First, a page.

It is to Andy Murray's misfortune that on both occasions he has made it to the semi-finals here in Paris, he has come up against the man who will go down in history as the greatest clay-court player of all time.
After a roller-coaster 10 days or so in Paris, the Scot will take on Rafael Nadal today for a place in the French Open final, the only grand slam showpiece he has yet to reach.
Completing a full set of grand slam final appearances is one of Murray's remaining goals but the 27-year-old knows that to get there, he may just have to play the match of his life.
"I'm in a good position right now; I would have signed up for this position at the start of the tournament," said Murray, who lost to Nadal at the same stage in 2011.
"I'd rather be playing someone else than Rafa but it's a great opportunity for me to go out there and play a great match and see if I can beat him."
After his dramatic five-set win over Gael Monfils in the last eight, when he let slip a two-set lead before coming good again in the fifth, Murray knows he cannot afford even the slightest lapse in concentration.
But even though Nadal has denied him in four grand slam semi-finals, including three in a row in 2011, it is a match-up Murray enjoys and one he believes he can win, even if doing it on clay over five sets is the toughest task of all.
"I'm playing some really good tennis again," Murray said, "I played a very good match against Rafa in Rome [earlier this month] and I was 4-2 up in the third set against him.
"I didn't win the match but maybe if I had won a few more matches in the build-up it could have helped with the confidence going in to serving out a match like that. But for me there is no doubt in my mind I have the potential to win these events."
World No.1 Nadal is trying for a record-extending ninth French Open title, a stunning statistic on what is the toughest, most gruelling surface of all. The fact that Novak Djokovic, who plays in the first semi-final tomorrow against Latvia's Ernests Gulbis, is also at home on clay means Murray's task in Paris is always that bit harder than it is at Wimbledon or on the hard courts of Melbourne and New York.
But grand slams, and adding to his grand slam tally, is what Murray is all about these days and the Scot believes he can upset the odds.
"I believe 100% I can beat Rafa and Novak," Murray said. "But on this surface it's harder than other courts because it's not my best surface and they are two of the greatest clay-court players in my opinion. Rafa is definitely the best, you can't compare anyone with what he has achieved. But the hunger is there, the desire. I'll give it everything I've got."
It was one of the anomalies of Murray's time with Ivan Lendl that the former world No.1 never got the chance to prepare the Scot to face Nadal. Since their relationship ended in March, Murray has been in occasional touch with Lendl by text message.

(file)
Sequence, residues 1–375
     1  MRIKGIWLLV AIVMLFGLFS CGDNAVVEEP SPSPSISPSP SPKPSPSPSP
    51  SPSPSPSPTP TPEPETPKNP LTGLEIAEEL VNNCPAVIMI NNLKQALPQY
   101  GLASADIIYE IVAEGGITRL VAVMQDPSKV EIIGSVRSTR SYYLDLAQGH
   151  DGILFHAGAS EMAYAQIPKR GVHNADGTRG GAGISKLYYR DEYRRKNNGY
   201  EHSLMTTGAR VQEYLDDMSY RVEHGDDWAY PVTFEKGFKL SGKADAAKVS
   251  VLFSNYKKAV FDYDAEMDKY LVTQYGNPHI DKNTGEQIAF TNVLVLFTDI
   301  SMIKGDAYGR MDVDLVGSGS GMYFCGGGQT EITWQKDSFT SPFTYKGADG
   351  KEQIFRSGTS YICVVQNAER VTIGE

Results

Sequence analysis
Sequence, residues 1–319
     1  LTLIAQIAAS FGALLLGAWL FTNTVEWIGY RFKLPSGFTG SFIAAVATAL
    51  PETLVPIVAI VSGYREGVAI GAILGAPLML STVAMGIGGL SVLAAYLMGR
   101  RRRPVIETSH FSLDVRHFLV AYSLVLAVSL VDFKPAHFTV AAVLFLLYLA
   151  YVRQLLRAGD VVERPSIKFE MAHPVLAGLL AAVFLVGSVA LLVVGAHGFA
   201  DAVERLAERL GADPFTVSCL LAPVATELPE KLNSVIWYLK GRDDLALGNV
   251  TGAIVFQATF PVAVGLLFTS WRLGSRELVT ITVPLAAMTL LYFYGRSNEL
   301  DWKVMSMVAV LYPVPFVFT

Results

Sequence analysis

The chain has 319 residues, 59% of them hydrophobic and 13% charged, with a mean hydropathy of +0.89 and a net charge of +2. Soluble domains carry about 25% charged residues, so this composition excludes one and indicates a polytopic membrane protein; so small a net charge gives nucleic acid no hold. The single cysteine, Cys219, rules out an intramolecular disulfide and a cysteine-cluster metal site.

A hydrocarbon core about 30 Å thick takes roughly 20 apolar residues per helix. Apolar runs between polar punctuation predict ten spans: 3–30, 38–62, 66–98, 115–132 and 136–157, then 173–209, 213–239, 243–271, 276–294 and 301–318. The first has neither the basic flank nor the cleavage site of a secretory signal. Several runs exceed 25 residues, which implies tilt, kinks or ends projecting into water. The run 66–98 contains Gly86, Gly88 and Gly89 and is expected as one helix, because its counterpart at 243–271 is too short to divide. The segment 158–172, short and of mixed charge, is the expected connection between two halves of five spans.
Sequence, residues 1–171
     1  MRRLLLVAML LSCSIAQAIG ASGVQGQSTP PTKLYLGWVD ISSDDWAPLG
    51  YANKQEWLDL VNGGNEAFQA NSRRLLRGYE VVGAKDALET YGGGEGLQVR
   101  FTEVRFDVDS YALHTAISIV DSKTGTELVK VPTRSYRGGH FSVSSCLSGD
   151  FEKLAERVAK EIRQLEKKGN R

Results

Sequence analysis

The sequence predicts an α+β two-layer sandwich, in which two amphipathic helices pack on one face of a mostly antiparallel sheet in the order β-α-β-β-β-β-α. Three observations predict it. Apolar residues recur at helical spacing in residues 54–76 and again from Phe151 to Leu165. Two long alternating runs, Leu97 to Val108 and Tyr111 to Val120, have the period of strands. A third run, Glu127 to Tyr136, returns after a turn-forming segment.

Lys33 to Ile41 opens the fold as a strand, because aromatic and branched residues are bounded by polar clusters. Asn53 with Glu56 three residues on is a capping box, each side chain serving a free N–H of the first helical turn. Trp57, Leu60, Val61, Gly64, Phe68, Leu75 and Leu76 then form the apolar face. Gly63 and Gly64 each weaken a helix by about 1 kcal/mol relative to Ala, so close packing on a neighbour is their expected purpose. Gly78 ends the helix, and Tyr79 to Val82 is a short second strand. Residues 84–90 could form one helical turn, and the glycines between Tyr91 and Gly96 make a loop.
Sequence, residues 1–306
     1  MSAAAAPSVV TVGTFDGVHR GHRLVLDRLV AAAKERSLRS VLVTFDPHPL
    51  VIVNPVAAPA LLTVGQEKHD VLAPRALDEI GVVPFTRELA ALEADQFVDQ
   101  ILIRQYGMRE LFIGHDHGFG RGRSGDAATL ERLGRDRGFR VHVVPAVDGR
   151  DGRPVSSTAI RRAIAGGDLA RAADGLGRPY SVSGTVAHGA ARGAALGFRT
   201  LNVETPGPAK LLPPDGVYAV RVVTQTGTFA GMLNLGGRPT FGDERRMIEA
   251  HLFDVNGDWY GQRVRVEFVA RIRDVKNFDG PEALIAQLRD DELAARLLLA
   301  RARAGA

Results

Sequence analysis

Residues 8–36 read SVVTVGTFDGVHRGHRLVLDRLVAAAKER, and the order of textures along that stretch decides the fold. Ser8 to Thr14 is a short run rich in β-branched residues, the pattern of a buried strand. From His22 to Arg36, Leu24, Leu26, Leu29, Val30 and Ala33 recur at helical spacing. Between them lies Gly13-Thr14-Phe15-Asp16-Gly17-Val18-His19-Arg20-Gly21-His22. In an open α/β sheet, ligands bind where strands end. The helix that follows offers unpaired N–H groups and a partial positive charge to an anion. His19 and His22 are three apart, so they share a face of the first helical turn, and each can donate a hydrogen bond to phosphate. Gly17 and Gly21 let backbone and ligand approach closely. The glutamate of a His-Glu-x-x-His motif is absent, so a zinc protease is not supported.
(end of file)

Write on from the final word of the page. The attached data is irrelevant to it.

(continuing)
With no replacement coach in place yet, Murray said he would not be contacting Lendl himself but that he will not be short of advice.
"I'll chat with Dani [Vallverdu, a long-time part of his team and effectively his de facto coach] about it, watch a few videos and then chat with Dani about it again on the morning of the match," Murray said.
"I often get messages. I might get one from Ivan, one from Darren [Cahill] and I might get one from my brother or whoever about what I should try to do or the things that might work. There will be little bits of information from a few people."
Part of what Murray enjoys the most is figuring out how to beat players, working out their weaknesses immediately and attacking them when required.
Having played Nadal 19 times - and won just five of them - there is little Murray does not know about the Spaniard. He also knows exactly his game plan; the hard part is sustaining a high enough level, over five sets, to execute it.
After seeing off Monfils in the quarter-finals, Murray alluded to the fact that his own expectations are far higher than those anyone else puts on him. "These are the tournaments that drive me to train," he said. "I put a lot of time and effort thinking about them and getting ready for them and my goal is to try to win these events every time I come to them. This is what I really, really love and enjoy playing them, preparing for them, the training that goes into them.
"Some people seem to think I was missing motivation [after back surgery in September] but I still trained as hard as I could, I had no days off for three months getting ready for the Australian Open.
"I didn't need to do that. I trained every single day to get ready to get myself in shape and I am seeing the benefits of doing that now."
Murray and Nadal will follow the meeting of Djokovic and Gulbis, with the Serb looking ominously strong as he tries to win the only grand slam title to elude him so far.
Gulbis, who beat Roger Federer and Tomas Berdych on the way to his first grand slam semi-final, has a box of tricks but it would be a shock if it is not the world No.2 Djokovic awaiting either Murray or Nadal in Sunday's final.